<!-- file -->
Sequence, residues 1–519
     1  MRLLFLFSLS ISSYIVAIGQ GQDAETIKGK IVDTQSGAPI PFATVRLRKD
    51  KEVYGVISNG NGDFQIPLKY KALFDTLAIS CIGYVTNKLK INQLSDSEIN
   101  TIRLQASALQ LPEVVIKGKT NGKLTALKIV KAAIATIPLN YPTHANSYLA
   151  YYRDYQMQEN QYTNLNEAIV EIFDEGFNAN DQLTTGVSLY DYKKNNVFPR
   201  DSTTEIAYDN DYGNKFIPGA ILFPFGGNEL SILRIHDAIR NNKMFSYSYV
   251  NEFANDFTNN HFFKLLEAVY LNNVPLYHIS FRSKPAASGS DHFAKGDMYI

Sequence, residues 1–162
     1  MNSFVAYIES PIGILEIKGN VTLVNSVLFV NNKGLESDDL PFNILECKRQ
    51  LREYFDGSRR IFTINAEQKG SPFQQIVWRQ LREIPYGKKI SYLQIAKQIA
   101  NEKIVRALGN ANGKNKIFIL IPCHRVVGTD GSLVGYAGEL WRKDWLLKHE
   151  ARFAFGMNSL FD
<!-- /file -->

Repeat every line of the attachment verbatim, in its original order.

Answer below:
Sequence, residues 1–519
     1  MRLLFLFSLS ISSYIVAIGQ GQDAETIKGK IVDTQSGAPI PFATVRLRKD
    51  KEVYGVISNG NGDFQIPLKY KALFDTLAIS CIGYVTNKLK INQLSDSEIN
   101  TIRLQASALQ LPEVVIKGKT NGKLTALKIV KAAIATIPLN YPTHANSYLA
   151  YYRDYQMQEN QYTNLNEAIV EIFDEGFNAN DQLTTGVSLY DYKKNNVFPR
   201  DSTTEIAYDN DYGNKFIPGA ILFPFGGNEL SILRIHDAIR NNKMFSYSYV
   251  NEFANDFTNN HFFKLLEAVY LNNVPLYHIS FRSKPAASGS DHFAKGDMYI

Sequence, residues 1–162
     1  MNSFVAYIES PIGILEIKGN VTLVNSVLFV NNKGLESDDL PFNILECKRQ
    51  LREYFDGSRR IFTINAEQKG SPFQQIVWRQ LREIPYGKKI SYLQIAKQIA
   101  NEKIVRALGN ANGKNKIFIL IPCHRVVGTD GSLVGYAGEL WRKDWLLKHE
   151  ARFAFGMNSL FD